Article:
Penicillin or amoxicillin should be given for at least 10 days for pharyngitis, 5 days for impetigo, and 14 days for cellulitis. For patients who are allergic to penicillin, alternative antibiotics include erythromycin, clindamycin, or cephalosporins .
Some S. pyogenes infections may require more aggressive treatment, such as hospitalization, intravenous antibiotics, surgical debridement, or amputation. These include necrotizing fasciitis, streptococcal toxic shock syndrome, bacteremia, sepsis, and puerperal fever . These infections are medical emergencies and require immediate attention.
In addition to antibiotics, supportive care such as pain relief, fever control, hydration, and wound care may be needed for some S. pyogenes infections. Patients with strep throat should also avoid irritants such as smoke, alcohol, and spicy foods. Patients with scarlet fever should apply moisturizers to soothe the skin rash.
The treatment of S. pyogenes infections should be guided by the clinical presentation, the results of laboratory tests, and the local patterns of antibiotic resistance. Patients should be advised to complete the full course of antibiotics and to seek medical attention if their symptoms worsen or do not improve within a few days.
Streptococcus pyogenes infections can be prevented and controlled by various measures that aim to reduce the transmission of the bacteria and to treat the infected individuals promptly and effectively. Some of the prevention and control strategies are:
- Maintenance of personal hygiene: Hand-washing is one of the best ways to prevent the spread of common infections, including strep throat. Hand-washing should be done frequently and thoroughly with soap and water, especially before eating, after coughing or sneezing, after touching skin sores or wounds, and after using the bathroom. Hand sanitizer can also be used when soap and water are not available. Other personal hygiene practices include covering the mouth and nose when coughing or sneezing, using disposable tissues or elbows instead of hands, avoiding sharing personal items such as utensils, cups, toothbrushes, or towels, and keeping the skin clean and dry .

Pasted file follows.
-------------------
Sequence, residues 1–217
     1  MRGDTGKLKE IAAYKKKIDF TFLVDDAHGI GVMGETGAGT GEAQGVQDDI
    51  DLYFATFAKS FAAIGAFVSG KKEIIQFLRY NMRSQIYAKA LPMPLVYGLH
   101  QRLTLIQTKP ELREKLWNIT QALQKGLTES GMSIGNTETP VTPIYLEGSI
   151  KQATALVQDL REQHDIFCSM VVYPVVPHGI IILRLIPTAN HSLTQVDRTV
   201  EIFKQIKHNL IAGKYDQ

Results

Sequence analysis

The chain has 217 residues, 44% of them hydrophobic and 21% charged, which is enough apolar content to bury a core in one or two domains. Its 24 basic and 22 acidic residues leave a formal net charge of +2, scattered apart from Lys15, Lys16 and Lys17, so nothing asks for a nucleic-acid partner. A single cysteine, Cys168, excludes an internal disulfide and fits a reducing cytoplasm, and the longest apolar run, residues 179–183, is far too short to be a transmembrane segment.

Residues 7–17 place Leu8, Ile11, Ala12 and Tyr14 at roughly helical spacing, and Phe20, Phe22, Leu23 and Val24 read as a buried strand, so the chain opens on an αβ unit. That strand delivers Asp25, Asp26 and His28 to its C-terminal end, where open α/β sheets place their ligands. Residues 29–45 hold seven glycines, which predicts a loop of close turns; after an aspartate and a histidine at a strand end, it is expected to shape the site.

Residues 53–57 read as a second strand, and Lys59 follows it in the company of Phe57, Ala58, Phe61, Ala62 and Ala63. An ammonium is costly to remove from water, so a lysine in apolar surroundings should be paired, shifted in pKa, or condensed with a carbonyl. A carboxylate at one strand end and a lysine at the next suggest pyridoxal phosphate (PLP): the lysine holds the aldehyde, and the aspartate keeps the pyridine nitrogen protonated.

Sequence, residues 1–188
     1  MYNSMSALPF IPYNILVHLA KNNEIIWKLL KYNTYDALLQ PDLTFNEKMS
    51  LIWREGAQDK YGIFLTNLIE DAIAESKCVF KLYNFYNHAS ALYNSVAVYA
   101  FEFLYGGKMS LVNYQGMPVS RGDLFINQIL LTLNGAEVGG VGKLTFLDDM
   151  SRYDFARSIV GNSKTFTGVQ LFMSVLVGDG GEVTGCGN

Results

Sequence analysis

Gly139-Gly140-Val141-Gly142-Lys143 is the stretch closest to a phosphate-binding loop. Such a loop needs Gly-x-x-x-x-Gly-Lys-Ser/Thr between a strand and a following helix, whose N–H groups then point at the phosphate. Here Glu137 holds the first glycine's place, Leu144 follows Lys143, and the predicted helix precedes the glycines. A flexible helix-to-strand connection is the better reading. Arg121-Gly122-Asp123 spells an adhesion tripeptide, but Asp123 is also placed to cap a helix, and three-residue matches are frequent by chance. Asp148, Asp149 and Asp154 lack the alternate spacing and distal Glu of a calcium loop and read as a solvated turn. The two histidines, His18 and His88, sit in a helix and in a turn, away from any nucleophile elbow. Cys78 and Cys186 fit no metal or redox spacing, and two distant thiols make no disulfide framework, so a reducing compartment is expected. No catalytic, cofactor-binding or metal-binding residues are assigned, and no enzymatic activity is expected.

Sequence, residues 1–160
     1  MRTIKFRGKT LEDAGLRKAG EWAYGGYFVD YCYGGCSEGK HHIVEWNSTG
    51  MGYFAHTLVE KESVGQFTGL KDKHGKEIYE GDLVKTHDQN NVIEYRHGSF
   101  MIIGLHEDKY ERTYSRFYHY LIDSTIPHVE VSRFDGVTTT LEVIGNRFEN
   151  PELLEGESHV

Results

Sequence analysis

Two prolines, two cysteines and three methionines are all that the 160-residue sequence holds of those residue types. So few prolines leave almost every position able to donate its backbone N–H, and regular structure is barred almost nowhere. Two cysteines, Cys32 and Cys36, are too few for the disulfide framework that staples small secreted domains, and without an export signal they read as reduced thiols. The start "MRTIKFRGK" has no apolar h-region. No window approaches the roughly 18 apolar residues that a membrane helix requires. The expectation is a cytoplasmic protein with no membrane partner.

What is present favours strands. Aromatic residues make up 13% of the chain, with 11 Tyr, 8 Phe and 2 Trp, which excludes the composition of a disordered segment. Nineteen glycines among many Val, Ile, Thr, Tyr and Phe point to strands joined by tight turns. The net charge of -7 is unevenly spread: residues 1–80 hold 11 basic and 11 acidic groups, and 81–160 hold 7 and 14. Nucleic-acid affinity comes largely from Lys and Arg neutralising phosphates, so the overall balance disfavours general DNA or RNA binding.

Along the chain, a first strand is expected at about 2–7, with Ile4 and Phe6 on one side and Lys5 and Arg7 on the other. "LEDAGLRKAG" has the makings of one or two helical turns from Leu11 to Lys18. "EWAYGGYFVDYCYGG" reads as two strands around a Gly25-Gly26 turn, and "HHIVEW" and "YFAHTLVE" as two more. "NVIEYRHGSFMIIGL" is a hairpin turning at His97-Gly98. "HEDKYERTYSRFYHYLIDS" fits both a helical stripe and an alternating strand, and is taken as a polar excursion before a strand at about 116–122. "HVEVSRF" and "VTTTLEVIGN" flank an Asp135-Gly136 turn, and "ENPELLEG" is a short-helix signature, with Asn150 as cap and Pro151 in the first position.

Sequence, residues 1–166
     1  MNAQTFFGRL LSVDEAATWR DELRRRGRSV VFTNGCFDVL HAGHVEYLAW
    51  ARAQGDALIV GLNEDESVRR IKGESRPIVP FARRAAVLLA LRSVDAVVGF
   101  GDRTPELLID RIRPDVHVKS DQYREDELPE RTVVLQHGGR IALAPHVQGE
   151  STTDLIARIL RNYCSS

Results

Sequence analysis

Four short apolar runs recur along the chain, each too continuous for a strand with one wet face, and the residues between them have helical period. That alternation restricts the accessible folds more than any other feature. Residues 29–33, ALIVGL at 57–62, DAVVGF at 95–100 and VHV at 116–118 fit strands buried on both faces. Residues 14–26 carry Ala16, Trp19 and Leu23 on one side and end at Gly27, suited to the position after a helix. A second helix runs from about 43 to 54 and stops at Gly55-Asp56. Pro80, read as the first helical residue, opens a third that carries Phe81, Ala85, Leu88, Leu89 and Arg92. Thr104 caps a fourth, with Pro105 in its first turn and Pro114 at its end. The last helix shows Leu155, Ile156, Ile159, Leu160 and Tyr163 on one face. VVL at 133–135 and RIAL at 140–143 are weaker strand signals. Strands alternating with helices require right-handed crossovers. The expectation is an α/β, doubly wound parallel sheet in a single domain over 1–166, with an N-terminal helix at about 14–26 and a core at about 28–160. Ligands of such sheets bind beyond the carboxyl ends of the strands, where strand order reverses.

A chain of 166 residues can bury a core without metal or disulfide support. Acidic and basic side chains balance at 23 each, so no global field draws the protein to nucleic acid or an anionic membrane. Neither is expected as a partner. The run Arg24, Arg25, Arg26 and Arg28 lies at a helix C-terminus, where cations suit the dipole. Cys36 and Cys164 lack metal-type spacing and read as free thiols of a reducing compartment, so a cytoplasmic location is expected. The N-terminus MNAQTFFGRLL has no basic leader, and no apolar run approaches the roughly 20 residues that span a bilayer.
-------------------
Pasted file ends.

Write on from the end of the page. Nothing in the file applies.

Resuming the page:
- Protection of others in the home: If someone in the household has a strep infection, they should isolate themselves from others as much as possible until they have completed at least 24 hours of antibiotic treatment. They should also avoid close contact with others, such as kissing, hugging, or sharing food or drinks. They should wash their hands frequently and disinfect common surfaces and objects that may be contaminated with the bacteria, such as countertops, doorknobs, faucets, phones, keyboards, or toys.
- Take prescribed medications: If someone is diagnosed with a strep infection, they should take the prescribed antibiotics exactly as directed by their doctor. They should not stop taking the antibiotics even if they feel better, as this may lead to incomplete treatment and recurrence of infection. They should also inform their doctor if they have any allergies or side effects to the antibiotics. Antibiotics can help reduce the symptoms, prevent complications, and prevent the spread of the infection to others.
- Manage symptoms: While taking antibiotics, someone with a strep infection can also take over-the-counter pain relievers such as ibuprofen or acetaminophen to reduce fever, sore throat, or headache. They should also drink plenty of fluids to stay hydrated and soothe the throat. Warm liquids such as tea, broth, or soup can help ease the discomfort. They can also gargle with salt water or use throat lozenges or sprays to relieve the pain.
- Adjust your diet: Someone with a strep infection may have difficulty swallowing due to a sore throat. They should avoid eating spicy, acidic, or hard foods that may irritate the throat further. Instead, they should eat soft foods that are easy to swallow, such as yogurt, mashed potatoes, scrambled eggs, oatmeal, or pudding. They should also avoid alcohol and caffeine, which can dehydrate the body and worsen the symptoms.
- Rest up: Someone with a strep infection should get enough rest and sleep to help their body fight off the infection. They should also avoid strenuous activities that may strain their heart or lungs until they are fully recovered. They should stay home from work or school until they have completed at least 24 hours of antibiotic treatment and have no fever without using fever-reducing medications.
- Chemoprophylaxis: Prophylactic use of antibiotics may be recommended for some people who are at high risk of developing serious complications from strep infections, such as acute rheumatic fever or rheumatic heart disease. This may include people who have a history of these conditions or who have close contact with someone who has them. Chemoprophylaxis can prevent strep reinfection and further damage to the heart.
- Resource distribution: Governments and health authorities should also consider distributing resources to improve the living conditions and access to health care for populations that are disproportionately affected by strep infections, such as developing countries, indigenous communities, and low socioeconomic areas. These populations may face challenges such as overcrowding, poor sanitation, malnutrition, lack of awareness, and limited availability of diagnostic tests and treatments. Resource distribution can help reduce the burden of disease and health disparities among these groups.